New life for the rare cotton-trees of Suffolk

Black poplar restoration

The magnificent black poplar trees have become increasingly rare in the landscape over time due to several factors. Helen Bynum from the Suffolk Tree Wardens Network explains more about these magnificent trees, why their numbers dwindled, and the exciting new interventions that are being carried out to conserve and restore Suffolk’s cotton-trees.

Suffolk’s black poplars (Populus nigra subsp betulifolia) were known as cotton-trees for the white fluffy seeds which would have filled the air in late summer. Among natural stands of black poplar, the wind carried pollen from the male trees’ red catkins to fertilise the female trees’ yellow-green ones. These ripened into strings of green pods before bursting and releasing the wind-borne seeds. 

If wind was vital for pollination and seed spread, it was water that provided the next essential element in the tree’s life course. Though produced in huge numbers, successful seed needed specific conditions on wet river margins with freshly exposed mud that didn’t dry too quickly. 

Land drainage dried the land and flood prevention straightened and deepened river courses, removing the muddy meanders that profited the black poplars. People didn’t like all that fluff either, so although they continued to plant these very useful timber trees, often as standards in hedgerows, it was by taking cuttings from male trees. 

It turned out that similar species of continental poplars gave useful wood and were faster growing, and they readily interbred with the native species. After the arrival of the European species in the late eighteenth century, non-natives, hybrids, and clones came to dominate the landscape.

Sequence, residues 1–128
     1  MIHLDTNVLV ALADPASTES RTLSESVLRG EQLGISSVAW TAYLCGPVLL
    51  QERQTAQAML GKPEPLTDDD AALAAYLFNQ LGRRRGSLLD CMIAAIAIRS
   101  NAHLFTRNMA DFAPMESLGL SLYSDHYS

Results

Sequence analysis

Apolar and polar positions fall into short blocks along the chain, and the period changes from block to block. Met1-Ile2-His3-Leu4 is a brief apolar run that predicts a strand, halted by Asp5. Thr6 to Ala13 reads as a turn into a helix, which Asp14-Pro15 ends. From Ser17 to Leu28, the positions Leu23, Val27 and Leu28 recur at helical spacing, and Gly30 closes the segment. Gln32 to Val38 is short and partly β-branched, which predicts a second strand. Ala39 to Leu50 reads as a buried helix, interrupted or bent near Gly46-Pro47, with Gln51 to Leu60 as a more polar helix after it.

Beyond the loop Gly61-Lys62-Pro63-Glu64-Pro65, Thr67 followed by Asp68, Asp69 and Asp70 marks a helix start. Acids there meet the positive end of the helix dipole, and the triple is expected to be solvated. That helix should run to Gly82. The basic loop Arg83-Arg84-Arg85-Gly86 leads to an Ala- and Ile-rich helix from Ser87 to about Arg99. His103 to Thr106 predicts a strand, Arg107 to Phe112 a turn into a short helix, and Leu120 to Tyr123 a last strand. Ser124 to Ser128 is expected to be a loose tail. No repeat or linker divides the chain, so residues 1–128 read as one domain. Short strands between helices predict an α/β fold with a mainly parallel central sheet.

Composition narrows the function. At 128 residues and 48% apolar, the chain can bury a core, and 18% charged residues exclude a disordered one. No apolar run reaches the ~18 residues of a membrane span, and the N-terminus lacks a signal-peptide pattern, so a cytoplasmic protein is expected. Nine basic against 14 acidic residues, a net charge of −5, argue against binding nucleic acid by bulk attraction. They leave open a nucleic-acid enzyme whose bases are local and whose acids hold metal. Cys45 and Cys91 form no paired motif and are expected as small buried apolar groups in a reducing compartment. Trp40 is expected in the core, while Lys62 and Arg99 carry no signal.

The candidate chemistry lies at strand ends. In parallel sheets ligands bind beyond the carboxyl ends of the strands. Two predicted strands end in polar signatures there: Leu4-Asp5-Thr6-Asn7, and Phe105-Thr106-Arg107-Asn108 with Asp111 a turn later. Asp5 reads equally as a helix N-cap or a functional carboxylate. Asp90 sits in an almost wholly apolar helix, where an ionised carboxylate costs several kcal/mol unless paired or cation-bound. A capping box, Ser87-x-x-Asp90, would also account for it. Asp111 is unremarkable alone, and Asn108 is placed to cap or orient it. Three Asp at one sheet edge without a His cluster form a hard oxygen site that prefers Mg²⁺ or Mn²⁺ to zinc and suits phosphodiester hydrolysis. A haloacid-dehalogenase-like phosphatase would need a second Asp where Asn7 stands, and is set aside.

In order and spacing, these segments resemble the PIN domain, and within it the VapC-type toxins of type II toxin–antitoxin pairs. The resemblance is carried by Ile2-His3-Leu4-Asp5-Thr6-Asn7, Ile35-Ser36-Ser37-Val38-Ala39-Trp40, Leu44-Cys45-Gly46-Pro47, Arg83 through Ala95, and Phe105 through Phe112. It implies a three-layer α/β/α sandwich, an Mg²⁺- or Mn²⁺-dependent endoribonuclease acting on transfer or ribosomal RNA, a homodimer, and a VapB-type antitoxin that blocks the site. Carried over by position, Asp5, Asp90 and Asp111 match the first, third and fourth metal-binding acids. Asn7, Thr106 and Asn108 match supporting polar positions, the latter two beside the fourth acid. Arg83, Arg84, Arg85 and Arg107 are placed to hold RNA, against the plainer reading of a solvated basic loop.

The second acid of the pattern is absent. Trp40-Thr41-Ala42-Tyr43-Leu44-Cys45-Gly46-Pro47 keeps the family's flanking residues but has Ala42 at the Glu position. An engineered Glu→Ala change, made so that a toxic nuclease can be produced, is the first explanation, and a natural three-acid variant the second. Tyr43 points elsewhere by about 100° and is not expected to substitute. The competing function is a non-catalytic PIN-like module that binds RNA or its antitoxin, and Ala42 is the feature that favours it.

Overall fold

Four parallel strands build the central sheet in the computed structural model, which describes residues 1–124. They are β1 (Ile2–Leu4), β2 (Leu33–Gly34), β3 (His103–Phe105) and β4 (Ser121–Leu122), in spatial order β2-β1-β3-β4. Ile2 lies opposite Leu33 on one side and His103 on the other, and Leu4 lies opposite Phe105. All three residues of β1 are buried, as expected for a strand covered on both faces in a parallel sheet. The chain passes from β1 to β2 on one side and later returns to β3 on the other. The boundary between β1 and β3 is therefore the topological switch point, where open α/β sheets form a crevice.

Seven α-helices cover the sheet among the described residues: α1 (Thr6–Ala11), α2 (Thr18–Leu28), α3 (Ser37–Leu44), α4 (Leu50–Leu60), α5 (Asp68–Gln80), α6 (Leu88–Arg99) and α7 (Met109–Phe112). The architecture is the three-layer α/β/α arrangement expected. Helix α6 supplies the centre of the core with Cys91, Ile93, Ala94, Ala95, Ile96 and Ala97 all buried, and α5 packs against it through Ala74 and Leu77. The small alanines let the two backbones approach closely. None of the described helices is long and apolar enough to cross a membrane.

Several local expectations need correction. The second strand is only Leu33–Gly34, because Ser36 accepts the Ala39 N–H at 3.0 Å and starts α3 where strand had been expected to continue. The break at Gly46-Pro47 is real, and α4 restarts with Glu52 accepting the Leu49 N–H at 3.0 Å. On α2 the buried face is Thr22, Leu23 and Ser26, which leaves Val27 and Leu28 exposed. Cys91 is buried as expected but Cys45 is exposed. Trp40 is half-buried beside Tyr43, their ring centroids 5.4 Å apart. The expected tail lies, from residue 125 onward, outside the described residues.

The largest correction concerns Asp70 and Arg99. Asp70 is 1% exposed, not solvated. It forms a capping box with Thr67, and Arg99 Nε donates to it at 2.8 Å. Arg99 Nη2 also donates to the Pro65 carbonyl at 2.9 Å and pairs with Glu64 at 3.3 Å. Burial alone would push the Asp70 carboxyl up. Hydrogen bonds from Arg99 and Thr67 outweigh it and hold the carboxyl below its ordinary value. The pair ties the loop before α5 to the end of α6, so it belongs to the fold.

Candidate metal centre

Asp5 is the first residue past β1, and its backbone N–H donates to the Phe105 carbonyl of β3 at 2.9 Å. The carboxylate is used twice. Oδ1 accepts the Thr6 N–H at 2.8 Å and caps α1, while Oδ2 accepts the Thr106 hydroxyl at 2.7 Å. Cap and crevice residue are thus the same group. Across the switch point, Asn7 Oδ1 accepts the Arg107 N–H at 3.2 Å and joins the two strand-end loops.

For the native black poplar this meant a diminishing, ageing population which was heavily biased to the male gender and genetically very similar. Today such a population is unlikely to naturally regenerate easily through sexual reproduction. So, gene mixing is out, increasing the risk of a pathogen or climate shift devastating the remaining trees. 

If we had put our hands onto the landscape to the cost of the native black poplar it has also proved possible to begin to mitigate the past harm. This involves restoring field floodplains and propagating trees. 

The Dedham Vale AONB team have been collecting a range of black poplar tree material with detailed genetic provenance recorded and established a clone bank from their chosen cuttings. With the aid of volunteer planters, some 500 black poplars from here have already begun repopulating the Stour Valley.

In an exciting new collaboration with the Suffolk Tree Warden Network (STWN) the AONB team are passing on material from their trees to establish a new black poplar nursery. Members of the STWN have established a series of tree nurseries thanks to Suffolk County Council’s Suffolk 2020 fund. 

Tree wardens David Appleton and Fe Morris have already successfully included some black poplar cuttings in their nurseries but the partnership with the AONB represents a significant contribution to black poplar conservation outside the AONB. 

The new dedicated black poplar nursery will be located at Langham Hall Walled Garden, run by the experienced Steve Adams and Catherine Supple with their volunteer team.

The intention is to carefully record striking of cuttings from the AONB marked stock so progeny can be available for river and wetland restoration throughout the county. In addition to the nursery, two carefully selected male and female feather trees will be planted in a nearby river-meadow floodplain, in an area that’s managed to ensure the best chance of natural regeneration and successful seed germination. 

Black poplars become sexually mature from around six to ten years, so this forward-looking project will take the best of East Anglia’s native black poplar stock from the AONB and give it an enhanced chance via the STWN to help future proof Suffolk’s cotton-trees.

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